During a Wednesday presser before the American public, US President Donald Trump announced Washington will "spend whatever is appropriate" to combat the possible spread of the COVID-19 coronavirus in the country.

Trump revealed that the government will begin by moving a total of $2.5 billion in funding to various programs to fight the coronavirus, noting that Washington is "very, very ready" for an uptick in COVID-19 cases. 

US Vice President Mike Pence explained that he has been appointed as the head of a task force overseeing various groups and will ensure they have the necessary resources for the government response. He also asserted that Trump took "unprecedented steps" against the disease since Washington was alerted of its presence in the US. 

Health and Human Services Secretary Alex Azar contended that Trump's early and decisive response to the coronavirus "succeeded in buying us incredibly valuable time." 

Azar explained that the White House has issued a 5-priority request to Congress calling for the expansion of the government's surveillance network, supporting local governments, developing therapeutics, researching vaccines and the manufacturing of gowns and masks. 

Trump warned that Washington was prepared to investigate credible reports of the price gouging of products related to anti-coronavirus efforts. 

Dr. Anne Schuchat, the CDC Principal Deputy Director, advised individuals to cover their coughs, stay home if they are sick and wash their hands. The health official noted that many of the precautions one takes to avoid getting the flu are applicable to COVID-19. 

Congressional democrats criticize 

House Speaker Nancy Pelosi (D-CA) slammed Trump on Wednesday and said the US president’s actions were “too late” and “anemic,” but also asserted that it was necessary to have health officials in place and have “resources that are adequate” ready to go if the coronavirus continues to spread in the US.

Earlier that day, Senate Minority Leader Chuck Schumer (D-NY) issued a proposal looking to funnel some $8.5 billion into a number of efforts related to combating COVID-19. The US president made note of the Democrats' proposal during his Wednesday news conference, but argued that $2.5 billion was appropriate at this time. 

Pathology experts weigh in

The US Centers for Disease Control and Prevention (CDC) announced Wednesday that a total of 59 people in the US have been diagnosed with coronavirus. Of those confirmed cases, 12 were identified as “travel-related,” two individuals contracted the disease from person-to-person contact and another three were repatriated from Wuhan, China - COVID-19’s epicenter. The remaining 42 infected citizens were passengers aboard the Diamond Princess cruise ship and also repatriated to the US.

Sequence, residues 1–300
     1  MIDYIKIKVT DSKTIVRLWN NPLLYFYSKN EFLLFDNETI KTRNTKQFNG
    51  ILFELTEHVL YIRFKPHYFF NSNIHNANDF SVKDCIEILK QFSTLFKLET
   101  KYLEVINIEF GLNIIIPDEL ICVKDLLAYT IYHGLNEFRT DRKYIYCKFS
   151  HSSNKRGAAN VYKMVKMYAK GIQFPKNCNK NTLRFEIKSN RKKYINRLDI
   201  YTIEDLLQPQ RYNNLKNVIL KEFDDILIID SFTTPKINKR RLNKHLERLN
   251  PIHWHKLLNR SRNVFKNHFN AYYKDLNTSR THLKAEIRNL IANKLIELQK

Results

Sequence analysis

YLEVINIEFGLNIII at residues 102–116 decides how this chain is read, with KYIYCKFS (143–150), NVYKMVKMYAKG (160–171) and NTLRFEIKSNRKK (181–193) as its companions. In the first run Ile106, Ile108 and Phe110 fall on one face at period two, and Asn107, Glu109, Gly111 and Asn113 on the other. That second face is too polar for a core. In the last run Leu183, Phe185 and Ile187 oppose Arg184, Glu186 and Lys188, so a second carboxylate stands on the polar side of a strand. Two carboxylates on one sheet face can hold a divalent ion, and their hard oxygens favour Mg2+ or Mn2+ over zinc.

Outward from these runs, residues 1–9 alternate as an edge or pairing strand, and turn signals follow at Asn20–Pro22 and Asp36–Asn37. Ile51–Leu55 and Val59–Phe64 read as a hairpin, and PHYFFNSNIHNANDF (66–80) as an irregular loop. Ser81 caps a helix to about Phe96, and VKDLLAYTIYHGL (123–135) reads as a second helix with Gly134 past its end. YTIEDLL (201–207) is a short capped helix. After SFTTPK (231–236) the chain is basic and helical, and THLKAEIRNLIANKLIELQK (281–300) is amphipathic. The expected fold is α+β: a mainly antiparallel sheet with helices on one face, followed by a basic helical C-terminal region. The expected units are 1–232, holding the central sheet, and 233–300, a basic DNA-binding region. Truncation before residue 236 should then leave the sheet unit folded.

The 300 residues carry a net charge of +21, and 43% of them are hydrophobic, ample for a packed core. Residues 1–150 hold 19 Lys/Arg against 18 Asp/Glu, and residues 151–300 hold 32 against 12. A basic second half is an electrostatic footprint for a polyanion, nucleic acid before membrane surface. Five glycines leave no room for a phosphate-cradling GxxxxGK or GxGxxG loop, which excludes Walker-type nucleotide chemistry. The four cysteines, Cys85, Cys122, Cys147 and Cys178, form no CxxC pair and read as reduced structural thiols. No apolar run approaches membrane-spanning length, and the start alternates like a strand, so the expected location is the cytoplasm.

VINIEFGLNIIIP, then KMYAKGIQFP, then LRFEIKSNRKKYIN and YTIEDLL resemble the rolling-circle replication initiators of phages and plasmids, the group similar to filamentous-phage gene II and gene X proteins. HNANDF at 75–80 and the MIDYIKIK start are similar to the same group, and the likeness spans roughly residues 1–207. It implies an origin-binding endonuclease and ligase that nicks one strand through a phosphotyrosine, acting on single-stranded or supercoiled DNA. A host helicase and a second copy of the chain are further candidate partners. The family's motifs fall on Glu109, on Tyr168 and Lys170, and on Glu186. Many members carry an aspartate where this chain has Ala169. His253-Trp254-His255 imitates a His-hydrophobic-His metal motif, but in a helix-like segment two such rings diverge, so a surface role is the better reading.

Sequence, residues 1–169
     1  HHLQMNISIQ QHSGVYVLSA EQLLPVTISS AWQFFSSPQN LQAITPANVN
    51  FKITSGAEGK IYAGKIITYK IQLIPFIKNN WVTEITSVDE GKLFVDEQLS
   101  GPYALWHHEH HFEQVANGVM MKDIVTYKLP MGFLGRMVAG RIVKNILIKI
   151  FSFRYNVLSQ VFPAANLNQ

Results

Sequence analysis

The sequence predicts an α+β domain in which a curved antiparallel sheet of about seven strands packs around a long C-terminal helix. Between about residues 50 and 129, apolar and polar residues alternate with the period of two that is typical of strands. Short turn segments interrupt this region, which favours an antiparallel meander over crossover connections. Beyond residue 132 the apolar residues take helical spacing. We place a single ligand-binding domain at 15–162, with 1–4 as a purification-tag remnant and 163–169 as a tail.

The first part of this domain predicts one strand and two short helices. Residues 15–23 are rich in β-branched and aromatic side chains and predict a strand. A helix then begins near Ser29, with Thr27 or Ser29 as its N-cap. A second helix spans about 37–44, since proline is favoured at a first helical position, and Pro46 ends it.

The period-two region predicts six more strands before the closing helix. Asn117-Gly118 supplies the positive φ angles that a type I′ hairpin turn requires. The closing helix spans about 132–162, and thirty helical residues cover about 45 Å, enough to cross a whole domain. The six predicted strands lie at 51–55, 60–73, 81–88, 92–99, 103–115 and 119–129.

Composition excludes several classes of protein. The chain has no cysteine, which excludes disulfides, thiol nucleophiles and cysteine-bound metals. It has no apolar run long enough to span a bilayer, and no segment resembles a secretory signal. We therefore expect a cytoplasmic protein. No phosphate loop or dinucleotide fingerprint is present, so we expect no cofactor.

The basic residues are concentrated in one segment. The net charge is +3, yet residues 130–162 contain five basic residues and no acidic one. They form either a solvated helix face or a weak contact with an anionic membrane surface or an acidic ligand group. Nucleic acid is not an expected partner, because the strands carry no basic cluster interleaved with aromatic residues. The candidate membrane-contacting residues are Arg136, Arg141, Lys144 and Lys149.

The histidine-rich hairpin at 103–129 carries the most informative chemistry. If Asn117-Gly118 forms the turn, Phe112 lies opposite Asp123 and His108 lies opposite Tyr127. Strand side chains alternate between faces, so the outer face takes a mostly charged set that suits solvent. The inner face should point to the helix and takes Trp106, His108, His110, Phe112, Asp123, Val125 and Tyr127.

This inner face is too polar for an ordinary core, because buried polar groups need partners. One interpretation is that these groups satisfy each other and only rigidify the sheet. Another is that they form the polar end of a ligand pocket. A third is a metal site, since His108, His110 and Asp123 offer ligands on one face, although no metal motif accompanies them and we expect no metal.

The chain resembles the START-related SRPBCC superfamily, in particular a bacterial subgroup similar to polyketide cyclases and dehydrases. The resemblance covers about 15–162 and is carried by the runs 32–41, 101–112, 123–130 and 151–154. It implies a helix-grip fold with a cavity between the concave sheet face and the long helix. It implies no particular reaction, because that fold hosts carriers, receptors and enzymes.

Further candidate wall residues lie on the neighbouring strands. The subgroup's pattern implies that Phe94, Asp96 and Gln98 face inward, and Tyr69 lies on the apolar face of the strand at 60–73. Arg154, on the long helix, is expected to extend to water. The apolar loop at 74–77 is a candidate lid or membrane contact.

According to the National Institutes of Health (NIH), one repatriated ex-passenger of the cruise ship will be the first trial participant in the research center’s experimental treatment for the novel strain of coronavirus. 

Dr. Anthony Fauci, the director of the National Institute of Allergy and Infectious Diseases at the NIH, explained during the February 26 press conference that it may take a anywhere between a year to a year-and-a-half to develop the vaccine. 

Previously, Trump had announced that the threat of the coronavirus was “very much under control” in a Monday tweet which also made light of the February 24 decline in the US stock market.

Trump on the defensive 

In addition to the stock markets plummeting for three consecutive days, the CDC has warned that it does expect COVID-19 to spread in the US.

“We expect we will see community spread in this country,” said Nancy Messonnier, director of the CDC’s National Center for Immunization and Respiratory Diseases, reported the Wall Street Journal. “It’s more of a question of when.”

When reporters brought up the CDC's comments during the press conference on Wednesday, Trump fired back, saying that he does not believe that it is inevitable that the coronavirus will spread in the country. 

Trump, who was highly critical of former US President Barack Obama for his handling of the West African Ebola virus epidemic, received similar treatment Wednesday from Democratic presidential candidate Mike Bloomberg, who took a swipe at the US president over his administration’s preparedness for and response to COVID-19 in the US.